Man with flowers growing from his body receiving water from a watering can

Cancer or Not, Bloom Where You're Planted!

Do you remember the Friends television show when Chandler's job transferred him to Tulsa, Oklahoma? The characters acted like their friend was going to Siberia. I am a Tulsa native and laughed because I know Tulsa is not New York City. (I never understood how the characters could afford those expensive apartments.) However, I have some ideas for the characters moving to Tulsa. I'm telling you. Those writers should have called me!

Chandler already had his job, so his wife Monica needed work. We have a lovely Utica Square shopping center with upscale restaurants in Tulsa. Since Monica was a chef, she could open her restaurant there. But, of course, she would need help from her gal pals, Rachel and Phoebe. Can't you see those three getting into all kinds of comical moments starting a restaurant?

Monica's brother Ross could teach in the science department of Tulsa University. It would have been a significant change for the characters, but they would have survived if not thrived. They could have bloomed where they were planted. So why didn't those writers call me?

No one wants to be on the cancer train.

We don't want to be where we are either as blood cancer patients. What to do? One day you're working your job, taking care of your life, and you find out that you have blood cancer. No one wants to ride the cancer train.

I remember driving home after receiving my myelodysplastic syndromes (MDS) diagnosis, thinking they might have made a mistake in the lab. However, I  recently retired, so I thought I would start getting more sleep. After I rest up, I will get a second opinion. Perhaps the second bone marrow biopsy will show only anemia.

Well, it didn't.

Facing the facts

  1. A cancer diagnosis is not good news, but it is not always a death sentence. Sometimes people die with blood cancer, not because of it.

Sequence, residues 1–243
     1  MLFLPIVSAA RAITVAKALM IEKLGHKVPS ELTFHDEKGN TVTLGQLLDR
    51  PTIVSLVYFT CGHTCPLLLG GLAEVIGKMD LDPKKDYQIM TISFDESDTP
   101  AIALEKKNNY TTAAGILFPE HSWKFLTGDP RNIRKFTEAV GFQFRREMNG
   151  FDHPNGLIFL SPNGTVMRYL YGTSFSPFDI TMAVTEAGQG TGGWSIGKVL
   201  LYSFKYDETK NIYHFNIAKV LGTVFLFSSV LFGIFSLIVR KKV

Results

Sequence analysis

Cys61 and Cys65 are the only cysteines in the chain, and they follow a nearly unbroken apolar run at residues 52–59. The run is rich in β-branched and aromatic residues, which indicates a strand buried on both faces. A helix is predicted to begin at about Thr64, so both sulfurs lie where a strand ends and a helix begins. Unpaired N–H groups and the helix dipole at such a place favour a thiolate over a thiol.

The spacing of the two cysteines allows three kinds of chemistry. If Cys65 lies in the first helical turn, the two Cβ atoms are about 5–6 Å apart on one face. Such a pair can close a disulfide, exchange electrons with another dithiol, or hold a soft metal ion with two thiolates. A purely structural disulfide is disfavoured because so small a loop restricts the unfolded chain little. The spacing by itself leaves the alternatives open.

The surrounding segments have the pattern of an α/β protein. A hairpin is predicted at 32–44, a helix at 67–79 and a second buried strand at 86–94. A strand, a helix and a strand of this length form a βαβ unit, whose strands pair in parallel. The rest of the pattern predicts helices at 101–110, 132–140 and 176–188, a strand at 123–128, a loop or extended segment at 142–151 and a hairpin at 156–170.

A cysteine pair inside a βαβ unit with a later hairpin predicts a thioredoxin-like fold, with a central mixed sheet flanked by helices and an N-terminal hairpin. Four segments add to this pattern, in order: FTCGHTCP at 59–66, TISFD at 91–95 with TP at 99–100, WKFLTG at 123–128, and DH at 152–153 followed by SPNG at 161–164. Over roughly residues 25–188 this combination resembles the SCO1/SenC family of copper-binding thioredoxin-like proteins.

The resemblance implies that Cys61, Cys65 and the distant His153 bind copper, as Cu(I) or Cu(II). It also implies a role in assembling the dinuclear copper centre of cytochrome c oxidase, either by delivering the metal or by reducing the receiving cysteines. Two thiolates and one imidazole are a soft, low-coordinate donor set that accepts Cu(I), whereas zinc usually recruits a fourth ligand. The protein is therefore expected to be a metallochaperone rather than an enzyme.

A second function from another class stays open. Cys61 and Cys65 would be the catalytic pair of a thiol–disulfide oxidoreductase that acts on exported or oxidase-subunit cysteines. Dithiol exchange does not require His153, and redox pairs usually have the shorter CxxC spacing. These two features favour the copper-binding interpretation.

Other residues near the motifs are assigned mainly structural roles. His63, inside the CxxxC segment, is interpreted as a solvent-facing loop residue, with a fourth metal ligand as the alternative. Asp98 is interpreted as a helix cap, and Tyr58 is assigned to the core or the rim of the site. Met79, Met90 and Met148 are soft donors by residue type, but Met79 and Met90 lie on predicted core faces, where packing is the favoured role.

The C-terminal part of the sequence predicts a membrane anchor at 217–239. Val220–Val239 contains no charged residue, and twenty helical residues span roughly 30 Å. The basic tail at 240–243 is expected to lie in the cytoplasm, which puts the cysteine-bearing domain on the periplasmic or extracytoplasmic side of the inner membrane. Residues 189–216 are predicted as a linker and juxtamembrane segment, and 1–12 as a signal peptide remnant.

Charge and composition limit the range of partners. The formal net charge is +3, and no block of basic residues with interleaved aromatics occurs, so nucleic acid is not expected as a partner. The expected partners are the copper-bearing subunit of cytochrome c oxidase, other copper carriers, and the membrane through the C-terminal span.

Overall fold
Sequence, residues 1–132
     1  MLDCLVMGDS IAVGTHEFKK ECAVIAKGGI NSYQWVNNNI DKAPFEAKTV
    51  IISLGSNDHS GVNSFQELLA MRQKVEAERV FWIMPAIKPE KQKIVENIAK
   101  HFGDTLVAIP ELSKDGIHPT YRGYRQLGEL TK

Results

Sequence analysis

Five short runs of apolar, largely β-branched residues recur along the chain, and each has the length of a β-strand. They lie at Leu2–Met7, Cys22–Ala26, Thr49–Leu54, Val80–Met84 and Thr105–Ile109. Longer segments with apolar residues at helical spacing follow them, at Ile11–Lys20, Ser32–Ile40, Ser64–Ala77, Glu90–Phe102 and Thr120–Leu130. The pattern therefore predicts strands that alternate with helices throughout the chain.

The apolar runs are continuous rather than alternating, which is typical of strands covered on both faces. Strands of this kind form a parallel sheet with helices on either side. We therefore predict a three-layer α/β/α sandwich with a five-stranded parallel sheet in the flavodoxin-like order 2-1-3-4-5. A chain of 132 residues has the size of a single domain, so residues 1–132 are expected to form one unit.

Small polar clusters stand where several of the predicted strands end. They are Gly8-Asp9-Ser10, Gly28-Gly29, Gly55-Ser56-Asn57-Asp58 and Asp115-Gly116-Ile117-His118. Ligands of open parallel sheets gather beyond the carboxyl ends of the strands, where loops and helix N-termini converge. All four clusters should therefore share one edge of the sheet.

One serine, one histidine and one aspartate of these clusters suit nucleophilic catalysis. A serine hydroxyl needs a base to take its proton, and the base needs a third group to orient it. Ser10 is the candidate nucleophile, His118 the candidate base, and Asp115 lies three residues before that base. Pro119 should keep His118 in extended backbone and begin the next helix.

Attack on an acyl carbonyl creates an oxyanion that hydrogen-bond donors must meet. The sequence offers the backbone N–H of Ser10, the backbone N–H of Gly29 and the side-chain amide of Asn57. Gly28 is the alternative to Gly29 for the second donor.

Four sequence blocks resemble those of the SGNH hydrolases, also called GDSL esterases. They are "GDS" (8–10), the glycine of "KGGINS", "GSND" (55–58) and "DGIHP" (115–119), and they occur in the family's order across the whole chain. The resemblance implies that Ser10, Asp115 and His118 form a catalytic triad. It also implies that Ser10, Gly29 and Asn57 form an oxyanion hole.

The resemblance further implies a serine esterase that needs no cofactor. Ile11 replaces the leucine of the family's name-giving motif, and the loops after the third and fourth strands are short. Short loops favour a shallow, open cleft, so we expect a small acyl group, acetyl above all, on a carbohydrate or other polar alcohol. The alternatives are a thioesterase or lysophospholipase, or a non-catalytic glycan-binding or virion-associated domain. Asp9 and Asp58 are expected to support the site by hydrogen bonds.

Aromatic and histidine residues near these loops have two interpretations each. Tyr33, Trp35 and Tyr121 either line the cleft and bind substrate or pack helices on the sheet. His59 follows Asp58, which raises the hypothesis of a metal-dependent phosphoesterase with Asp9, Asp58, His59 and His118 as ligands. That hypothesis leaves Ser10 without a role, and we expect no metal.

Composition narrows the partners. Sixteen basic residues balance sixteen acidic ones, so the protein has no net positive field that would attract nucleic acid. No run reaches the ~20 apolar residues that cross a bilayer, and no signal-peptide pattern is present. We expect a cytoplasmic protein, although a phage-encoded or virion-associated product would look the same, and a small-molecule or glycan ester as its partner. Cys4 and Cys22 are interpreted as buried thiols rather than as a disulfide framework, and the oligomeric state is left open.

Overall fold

2. We have to make ourselves a priority. Get the rest we need. Learn to say no to people who ask too much of us. I had a friend who would scoff if I said I didn't have the energy to go on her outing. What is she going to do? Not like me? My health is more important.
  3. Keep busy at your own pace. We all have days when we don't feel like doing much. For example, you might say, "I should have finished cleaning the house today." But, don't should on yourself. Instead, on a low-energy day, pick a chore and be proud you got something done.
  4. Keep in touch with friends and keep making new ones. Cancer can be very isolating. Meeting friends for lunch or visiting on the phone gives us something to look forward to.
  5. Develop new interests. It's easy to be preoccupied with your diagnosis, but we need subjects to keep our minds sharp and lift our spirits. Volunteering for Meals on Wheels keeps me from overfocusing on my MDS. Their motto is, "When you do good, you feel good!"

Roll with the punches and bloom where you're planted

As a college freshman, a family friend told me, "You have to roll with the punches!" Unfortunately, real life is not like a television show. Try as we might, we can't write our endings. So yes, we must roll with the punches and bloom where we are planted. Best of luck to you!

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This article represents the opinions, thoughts, and experiences of the author; none of this content has been paid for by any advertiser. The team does not recommend or endorse any products or treatments discussed herein. Learn more about how we maintain editorial integrity here.

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